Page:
Everyman Theatre offers compelling revival of Arthur Miller's 'All My Sons'
Keller, grippingly portrayed by Carl Schurr in Everyman Theatre’s sterling production of this still-searing work from 1947, is supremely confident he can explain how defective aircraft parts left his factory and led to loss of life. Besides, he was officially exonerated.
He has lived his lie so boldly and thoroughly that it doesn’t really occur to him that the truth could ever emerge. Why should it? The war is over; so is the guilt. Everybody did things they shouldn’t have during those dark years, didn’t they?
Set in an unspecified American town, the play has hardly lost its relevance, certainly not in the age of Halliburton and BP, and its ability to touch the senses remains undiminished. Even those who know this work well may find themselves startled anew by how much of a gut-punch this tragedy can still deliver.
Miller keenly understood what brings families together, what drives them apart, and why it all matters. Everyman artistic director Vincent Lancisi Director is very much at home dealing with such familial issues, and his unforced, insightful directorial touch draws from the cast — most of them from the company's own family of resident artists — performances fully alive with nuance.
Schurr’s sureness as an actor enables him to reveal every facet of Keller’s volatile character as the center of gravity keeps shifting beneath him — the actor’s eyes convey as much as any of his lines. Most importantly, Schurr also finds in Keller the ruggedly appealing qualities that help to explain the loyalty of the man’s family, the affection of a neighborhood kid.
As Chris, the son who came back from the war and joined his father’s business, Clinton Brandhagen reveals
Deborah Hazlett shines as Keller’s wife, Kate, who accepts her husband as steadfastly as she refuses to accept the likelihood that their other son Larry, missing in action three years earlier, is dead. Hazlett taps deftly into Kate’s strange mix of weariness, superstition and confidence.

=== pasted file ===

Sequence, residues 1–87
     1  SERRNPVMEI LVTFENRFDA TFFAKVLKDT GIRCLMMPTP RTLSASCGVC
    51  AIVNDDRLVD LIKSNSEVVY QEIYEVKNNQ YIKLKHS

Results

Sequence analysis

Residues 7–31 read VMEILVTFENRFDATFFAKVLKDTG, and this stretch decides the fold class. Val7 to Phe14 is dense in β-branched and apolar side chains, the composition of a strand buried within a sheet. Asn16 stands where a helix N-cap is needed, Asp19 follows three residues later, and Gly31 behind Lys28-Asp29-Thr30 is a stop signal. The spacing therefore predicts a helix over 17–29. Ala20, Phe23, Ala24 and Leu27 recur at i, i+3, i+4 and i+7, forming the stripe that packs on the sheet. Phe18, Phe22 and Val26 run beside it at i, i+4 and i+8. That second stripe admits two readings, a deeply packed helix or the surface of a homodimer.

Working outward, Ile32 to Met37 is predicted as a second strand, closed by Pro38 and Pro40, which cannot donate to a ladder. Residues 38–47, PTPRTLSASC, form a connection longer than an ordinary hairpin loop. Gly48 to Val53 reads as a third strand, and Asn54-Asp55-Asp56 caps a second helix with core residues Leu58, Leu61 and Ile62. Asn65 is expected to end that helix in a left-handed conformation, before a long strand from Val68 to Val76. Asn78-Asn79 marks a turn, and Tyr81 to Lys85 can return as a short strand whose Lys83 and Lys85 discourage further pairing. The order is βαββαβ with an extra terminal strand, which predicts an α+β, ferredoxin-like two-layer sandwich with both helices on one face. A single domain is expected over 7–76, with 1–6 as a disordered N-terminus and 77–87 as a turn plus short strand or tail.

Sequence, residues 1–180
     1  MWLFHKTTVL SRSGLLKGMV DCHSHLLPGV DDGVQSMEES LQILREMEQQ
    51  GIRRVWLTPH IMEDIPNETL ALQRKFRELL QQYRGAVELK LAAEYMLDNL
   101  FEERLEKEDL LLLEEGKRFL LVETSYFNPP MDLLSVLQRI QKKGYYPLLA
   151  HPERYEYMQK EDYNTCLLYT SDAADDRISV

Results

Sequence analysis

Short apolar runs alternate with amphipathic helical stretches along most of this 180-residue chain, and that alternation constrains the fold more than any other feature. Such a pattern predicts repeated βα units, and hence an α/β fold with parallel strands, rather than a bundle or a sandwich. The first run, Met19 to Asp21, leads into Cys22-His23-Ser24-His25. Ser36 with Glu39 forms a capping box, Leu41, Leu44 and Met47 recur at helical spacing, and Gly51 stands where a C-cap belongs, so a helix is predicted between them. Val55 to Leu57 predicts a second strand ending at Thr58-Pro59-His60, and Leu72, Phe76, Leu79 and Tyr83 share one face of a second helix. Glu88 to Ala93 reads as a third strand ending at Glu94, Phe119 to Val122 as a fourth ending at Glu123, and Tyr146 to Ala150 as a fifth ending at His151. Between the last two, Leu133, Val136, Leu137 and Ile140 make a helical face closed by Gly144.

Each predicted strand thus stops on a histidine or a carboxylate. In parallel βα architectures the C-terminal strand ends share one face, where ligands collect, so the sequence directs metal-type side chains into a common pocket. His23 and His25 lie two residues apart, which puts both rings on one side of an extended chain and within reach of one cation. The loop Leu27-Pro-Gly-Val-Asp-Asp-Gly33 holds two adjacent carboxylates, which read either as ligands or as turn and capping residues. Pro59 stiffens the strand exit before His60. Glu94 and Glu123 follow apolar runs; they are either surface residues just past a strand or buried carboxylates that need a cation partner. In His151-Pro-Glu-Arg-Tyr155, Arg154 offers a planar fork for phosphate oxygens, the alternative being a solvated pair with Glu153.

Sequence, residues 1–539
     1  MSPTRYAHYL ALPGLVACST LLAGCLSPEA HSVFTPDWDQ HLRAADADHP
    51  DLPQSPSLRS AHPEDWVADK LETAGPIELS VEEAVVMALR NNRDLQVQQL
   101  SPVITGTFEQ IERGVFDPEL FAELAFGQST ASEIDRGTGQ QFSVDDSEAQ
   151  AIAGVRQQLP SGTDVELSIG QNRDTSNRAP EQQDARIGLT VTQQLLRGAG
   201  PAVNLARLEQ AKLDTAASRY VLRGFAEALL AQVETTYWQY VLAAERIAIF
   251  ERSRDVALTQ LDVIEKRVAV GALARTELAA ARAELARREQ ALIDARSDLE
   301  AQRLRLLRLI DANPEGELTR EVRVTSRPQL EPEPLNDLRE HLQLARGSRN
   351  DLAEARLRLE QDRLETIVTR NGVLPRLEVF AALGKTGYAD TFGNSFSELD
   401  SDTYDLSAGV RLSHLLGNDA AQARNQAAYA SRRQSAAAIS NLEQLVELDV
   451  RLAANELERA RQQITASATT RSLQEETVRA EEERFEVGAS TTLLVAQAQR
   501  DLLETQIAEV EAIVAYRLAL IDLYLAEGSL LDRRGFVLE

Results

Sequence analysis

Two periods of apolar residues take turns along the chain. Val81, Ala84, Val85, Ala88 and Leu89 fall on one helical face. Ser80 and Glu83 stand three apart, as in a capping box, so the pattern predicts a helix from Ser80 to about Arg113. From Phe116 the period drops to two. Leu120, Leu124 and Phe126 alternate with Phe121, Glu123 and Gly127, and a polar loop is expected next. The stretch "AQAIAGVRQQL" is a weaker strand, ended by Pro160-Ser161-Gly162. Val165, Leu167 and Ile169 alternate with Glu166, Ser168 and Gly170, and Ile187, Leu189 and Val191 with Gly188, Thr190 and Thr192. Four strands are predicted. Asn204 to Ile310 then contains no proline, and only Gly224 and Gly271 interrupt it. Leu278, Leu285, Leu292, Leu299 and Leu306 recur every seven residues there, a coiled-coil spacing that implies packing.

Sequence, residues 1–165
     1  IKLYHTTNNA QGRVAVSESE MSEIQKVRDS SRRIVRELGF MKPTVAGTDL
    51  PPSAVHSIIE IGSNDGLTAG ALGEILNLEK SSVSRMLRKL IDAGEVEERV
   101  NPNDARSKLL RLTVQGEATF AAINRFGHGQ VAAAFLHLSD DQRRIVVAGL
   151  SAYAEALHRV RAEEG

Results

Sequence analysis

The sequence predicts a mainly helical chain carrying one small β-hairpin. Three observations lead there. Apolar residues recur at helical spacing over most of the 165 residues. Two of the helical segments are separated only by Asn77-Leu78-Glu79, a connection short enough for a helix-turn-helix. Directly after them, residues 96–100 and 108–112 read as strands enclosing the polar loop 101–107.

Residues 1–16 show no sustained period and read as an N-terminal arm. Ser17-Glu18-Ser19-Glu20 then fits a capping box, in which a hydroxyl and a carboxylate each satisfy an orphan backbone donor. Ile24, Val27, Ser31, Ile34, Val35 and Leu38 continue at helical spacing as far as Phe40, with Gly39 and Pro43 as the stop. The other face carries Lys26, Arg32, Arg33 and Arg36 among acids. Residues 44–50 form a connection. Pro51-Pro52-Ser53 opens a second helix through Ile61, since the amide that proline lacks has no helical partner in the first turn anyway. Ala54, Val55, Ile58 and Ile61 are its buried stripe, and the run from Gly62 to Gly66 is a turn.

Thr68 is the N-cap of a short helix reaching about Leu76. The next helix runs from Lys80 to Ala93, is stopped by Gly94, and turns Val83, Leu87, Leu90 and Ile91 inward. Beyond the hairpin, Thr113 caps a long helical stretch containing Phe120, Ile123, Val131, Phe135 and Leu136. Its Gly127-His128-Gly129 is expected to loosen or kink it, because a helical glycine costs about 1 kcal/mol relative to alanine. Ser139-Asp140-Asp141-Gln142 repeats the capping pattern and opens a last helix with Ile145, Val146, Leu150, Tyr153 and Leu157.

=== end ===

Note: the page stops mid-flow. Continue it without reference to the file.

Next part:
Beth Hylton brings a touching vulnerability to the role of Ann, who arrives at the Keller home as a double threat — she was Larry’s girlfriend and now the object of Chris’s affection; her father is still in prison for his part in the scandal over the aviation equipment. Adding to the tension is the appearance of Ann’s brother, George. That character's rapid jump from rage to jovial nostalgia and back again is not the most persuasive behavioral pattern in the play, but Tim Getman puts it across with considerable skill.
The Kellers’ colorful neighbors are vibrantly portrayed by Drew Kopas (Frank), Jjana Valentiner (Lydia), Bruce Randolph Nelsonm (Dr. Bayliss) and Megan Anderson (Sue).
Daniel Ettinger’s set design is richly atmospheric and gently lit by Andrew Griffin. David Burdick’s costumes provide another refined visual layer to the staging, often playing off the teal tones of the Keller home with complementing shades — red, orange, brown — that help to reflect the way that all the lives, even those of the neighbors, are connected to the central moral crisis. Only Joe does not fit neatly into the prevailing color scheme, and, in the final scene, his dark suit sets him starkly apart from the others, portending his isolated fate.
This season, Everyman celebrates its 20th year. I wouldn’t be surprised if a lot of patrons rank the affecting revival of “All My Sons” among the best efforts of those two decades. The production reminds you why you love theater, reconfirms what an involving and haunting art form it is -- and how a first-rate company can make it doubly so.
PHOTO (by Stan Barouh) COURTESY OF EVERYMAN THEATRE